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Department of Theatre and Dance Performs The Merchant of Venice
November 03, 2011
George Washington University students star in Shakespeare’s tragic comedy.
The George Washington University Department of Theatre and Dance’s production of the Merchant of Venice aims to do more than just entertain.
Director Leslie Jacobson, a professor of theatre, hopes to challenge the audience by raising difficult questions about morality.
“The vexing questions that this play stirs can launch a dialogue within each of us as we watch the performance,” said Ms. Jacobson. “Where do we stand on matters of discrimination and tolerance — not just in the abstract but in the ways in which we conduct our daily lives?”
The Merchant of Venice tells the story of a wealthy merchant, Antonio, who wants to loan money to his friend, Bassanio, so that he can travel to court a wealthy heiress, Portia. But because Antonio doesn’t have ready access to his cash, he tells Bassanio to obtain a loan from a Jewish moneylender, Shylock, and name Antonio as the loan’s guarantor. Shylock, who has a longstanding grudge against Antonio, agrees to loan the money but stipulates that if the loan is not repaid, Shylock will be entitled to a pound of Antonio’s flesh.
When the loan is not repaid on time, Shylock prepares to take Antonio’s life, but a trial is called to decide the case. After a lawyer clarifies that the contract doesn’t allow for Shylock to shed Antonio’s blood, Shylock is required to pay a fine and convert to Christianity, and Antonio is spared.
While Shylock was viewed as a comedic villain during Shakespeare’s life, today the character is also often portrayed as a victim.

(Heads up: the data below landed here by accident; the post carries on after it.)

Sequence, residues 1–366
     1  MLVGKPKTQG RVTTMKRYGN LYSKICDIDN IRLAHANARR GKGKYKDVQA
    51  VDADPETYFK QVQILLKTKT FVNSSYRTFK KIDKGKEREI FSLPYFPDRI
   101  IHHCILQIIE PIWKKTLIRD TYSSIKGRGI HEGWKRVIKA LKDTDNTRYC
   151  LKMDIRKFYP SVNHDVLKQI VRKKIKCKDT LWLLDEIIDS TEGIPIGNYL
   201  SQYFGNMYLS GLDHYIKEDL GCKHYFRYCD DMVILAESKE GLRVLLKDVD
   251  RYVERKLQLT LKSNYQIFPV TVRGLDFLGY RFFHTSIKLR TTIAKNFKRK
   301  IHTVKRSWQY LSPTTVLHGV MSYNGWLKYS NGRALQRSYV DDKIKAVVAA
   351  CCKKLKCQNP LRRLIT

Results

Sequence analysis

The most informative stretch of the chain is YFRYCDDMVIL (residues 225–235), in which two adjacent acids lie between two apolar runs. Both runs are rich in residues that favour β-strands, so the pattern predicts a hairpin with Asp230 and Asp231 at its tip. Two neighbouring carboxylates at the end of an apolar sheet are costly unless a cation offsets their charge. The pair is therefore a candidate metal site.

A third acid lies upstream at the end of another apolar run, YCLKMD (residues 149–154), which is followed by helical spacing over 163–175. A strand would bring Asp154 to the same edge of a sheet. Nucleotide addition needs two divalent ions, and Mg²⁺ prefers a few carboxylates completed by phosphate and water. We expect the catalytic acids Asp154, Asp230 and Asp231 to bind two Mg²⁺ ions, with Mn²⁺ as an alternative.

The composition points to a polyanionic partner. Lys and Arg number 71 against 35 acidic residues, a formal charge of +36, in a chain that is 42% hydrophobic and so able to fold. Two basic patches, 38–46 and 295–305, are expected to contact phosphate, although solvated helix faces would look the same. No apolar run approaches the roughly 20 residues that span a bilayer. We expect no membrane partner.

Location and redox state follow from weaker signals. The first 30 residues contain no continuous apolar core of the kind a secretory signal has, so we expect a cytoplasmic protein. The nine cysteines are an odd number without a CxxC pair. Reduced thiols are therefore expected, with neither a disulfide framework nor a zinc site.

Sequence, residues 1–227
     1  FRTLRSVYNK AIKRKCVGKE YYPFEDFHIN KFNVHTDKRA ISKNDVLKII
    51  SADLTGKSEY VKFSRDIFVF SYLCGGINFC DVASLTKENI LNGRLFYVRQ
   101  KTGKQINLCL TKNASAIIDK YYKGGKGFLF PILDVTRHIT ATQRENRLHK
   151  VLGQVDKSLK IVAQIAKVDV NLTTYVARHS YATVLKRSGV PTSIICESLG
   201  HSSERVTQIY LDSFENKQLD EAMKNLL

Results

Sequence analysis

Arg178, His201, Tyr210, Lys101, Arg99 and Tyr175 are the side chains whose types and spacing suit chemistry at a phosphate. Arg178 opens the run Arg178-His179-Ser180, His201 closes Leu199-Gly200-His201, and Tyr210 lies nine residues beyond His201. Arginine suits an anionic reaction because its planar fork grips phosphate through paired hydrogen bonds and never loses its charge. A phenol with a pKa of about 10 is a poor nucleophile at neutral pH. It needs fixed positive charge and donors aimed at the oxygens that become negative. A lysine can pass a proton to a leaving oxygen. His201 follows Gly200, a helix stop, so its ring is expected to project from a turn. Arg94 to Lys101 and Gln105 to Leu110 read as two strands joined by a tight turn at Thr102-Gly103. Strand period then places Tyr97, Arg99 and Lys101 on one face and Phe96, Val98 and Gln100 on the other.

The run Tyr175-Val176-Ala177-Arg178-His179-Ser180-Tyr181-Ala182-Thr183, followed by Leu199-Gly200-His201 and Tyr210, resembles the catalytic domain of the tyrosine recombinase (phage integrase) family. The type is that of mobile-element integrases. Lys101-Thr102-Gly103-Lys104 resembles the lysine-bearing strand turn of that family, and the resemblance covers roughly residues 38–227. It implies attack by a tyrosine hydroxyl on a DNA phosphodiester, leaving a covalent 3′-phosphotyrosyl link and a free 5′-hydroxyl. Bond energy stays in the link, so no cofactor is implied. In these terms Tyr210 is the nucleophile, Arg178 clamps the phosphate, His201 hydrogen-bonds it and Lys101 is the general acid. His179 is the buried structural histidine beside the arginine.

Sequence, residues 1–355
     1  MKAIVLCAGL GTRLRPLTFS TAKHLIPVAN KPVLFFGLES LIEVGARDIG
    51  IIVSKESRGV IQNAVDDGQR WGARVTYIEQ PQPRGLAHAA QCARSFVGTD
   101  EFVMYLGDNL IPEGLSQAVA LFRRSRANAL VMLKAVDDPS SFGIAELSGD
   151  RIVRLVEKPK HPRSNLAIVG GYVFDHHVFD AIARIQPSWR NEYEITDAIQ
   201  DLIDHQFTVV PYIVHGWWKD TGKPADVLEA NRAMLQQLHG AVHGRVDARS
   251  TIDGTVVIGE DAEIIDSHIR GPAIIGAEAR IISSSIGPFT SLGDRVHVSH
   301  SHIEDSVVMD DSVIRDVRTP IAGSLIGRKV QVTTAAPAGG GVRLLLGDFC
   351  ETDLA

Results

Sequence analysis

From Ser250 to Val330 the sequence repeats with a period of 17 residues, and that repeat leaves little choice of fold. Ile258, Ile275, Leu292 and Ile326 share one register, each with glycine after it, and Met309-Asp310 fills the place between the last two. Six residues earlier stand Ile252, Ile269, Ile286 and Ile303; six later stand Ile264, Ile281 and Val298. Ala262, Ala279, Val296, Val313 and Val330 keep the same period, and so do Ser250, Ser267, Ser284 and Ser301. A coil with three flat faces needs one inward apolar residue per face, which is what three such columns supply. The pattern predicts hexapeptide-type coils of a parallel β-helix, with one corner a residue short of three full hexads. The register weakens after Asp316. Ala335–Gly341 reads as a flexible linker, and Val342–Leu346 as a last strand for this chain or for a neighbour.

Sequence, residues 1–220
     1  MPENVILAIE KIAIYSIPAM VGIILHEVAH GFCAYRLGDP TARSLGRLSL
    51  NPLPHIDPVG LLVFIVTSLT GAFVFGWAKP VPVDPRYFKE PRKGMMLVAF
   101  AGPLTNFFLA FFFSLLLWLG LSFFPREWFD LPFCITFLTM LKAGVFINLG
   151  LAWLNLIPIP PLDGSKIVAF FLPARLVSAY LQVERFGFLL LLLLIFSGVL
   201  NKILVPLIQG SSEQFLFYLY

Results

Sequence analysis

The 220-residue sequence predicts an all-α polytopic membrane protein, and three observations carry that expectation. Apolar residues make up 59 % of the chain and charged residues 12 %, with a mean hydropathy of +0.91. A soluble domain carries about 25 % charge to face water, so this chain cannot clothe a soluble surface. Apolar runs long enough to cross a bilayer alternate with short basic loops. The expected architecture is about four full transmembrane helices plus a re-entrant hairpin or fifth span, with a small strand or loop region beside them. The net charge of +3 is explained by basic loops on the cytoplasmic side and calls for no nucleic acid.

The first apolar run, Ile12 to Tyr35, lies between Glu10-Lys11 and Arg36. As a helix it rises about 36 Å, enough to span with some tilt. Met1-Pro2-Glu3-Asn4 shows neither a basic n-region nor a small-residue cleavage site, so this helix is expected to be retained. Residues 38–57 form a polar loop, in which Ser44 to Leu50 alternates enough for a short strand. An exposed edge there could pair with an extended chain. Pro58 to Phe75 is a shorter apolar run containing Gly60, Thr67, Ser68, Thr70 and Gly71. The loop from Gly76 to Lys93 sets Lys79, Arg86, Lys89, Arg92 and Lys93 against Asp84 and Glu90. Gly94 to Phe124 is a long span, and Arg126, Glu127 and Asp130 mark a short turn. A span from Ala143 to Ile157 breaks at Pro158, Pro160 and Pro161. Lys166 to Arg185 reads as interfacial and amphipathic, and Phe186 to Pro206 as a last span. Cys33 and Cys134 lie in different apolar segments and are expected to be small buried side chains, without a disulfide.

“Shakespeare is fascinating because his plays endure over the centuries, but they change at the same time. As society changes, they ways the plays are presented are changed,” said Ms. Jacobson, who has been teaching and directing at GW for 35 years. “The open anti-Semitism, racism and xenophobia exhibited at times in the play, even by characters we like and admire, is deeply troubling.”
The 12-person cast is made up of GW students, but Shylock is played by Rick Foucheux, a professional actor and a visiting teaching artist in the Department of Theatre and Dance. Mr. Fourcheux has been performing in Washington for 28 years and has received two Helen Hayes Awards for outstanding leading actor in the District.
Having Mr. Foucheux on the cast has given students an opportunity to learn by example, said Matt Rist, a senior playing the part of Bassanio.
“Mr. Foucheux has taken the play to another level,” said Mr. Rist, a student in the School of Media and Public Affairs. “With him being there, everyone wants to do their best work.”
The play will be performed at 7:30 p.m. today through Saturday and at 2 p.m. Sunday at GW’s Dorothy Betts Marvin Theatre on the first floor of the Marvin Center.
One of the most challenging parts of performing the play is the language, said Elyse Steingold, a senior studying theater in the Columbian College of Arts and Sciences.
“Because the language is challenging to understand, it’s made us really focus on how we portray our characters,” she said.
The dynamic characters are what Ms. Jacobson loves most about Shakespeare.
“The characters in his plays have a lot of dimension to them and a lot of contradiction,” said Ms. Jacobson, who also directs GW’s Academy of Classical Acting, which in conjunction with the Shakespeare Theatre Company offers students a Master of Fine Arts.
The costumes were designed by Jenny Bernson, a graduate student pursing a master’s in fine arts, for her thesis. Ms. Bernson chose to put the men in elegant, British suits and tailcoats while the women are dressed in colorful Victorian gowns. And the Dorothy Betts Marvin Theatre has been transformed to reflect London in 1898. In some scenes, the stage becomes a London street with authentic lamp posts, while in others it turns into an English estate and a courtroom.
The cast has been rehearsing four to six days a week to prepare for its four performances. Mr. Rist said the time commitment has paid off.
“I feel like this production has made me grow a lot as an actor,” he said.
Ms. Steingold hopes the audiences not only enjoy the show but leave thinking and debating about what’s right and wrong.
“This is definitely the most thought-provoking show I’ve ever been in,” said Ms. Steingold. “The audience will be torn about what’s right and wrong and whether they’re on Shylock’s or the merchant’s side.”
For more information on GW’s production of The Merchant of Venice, click here.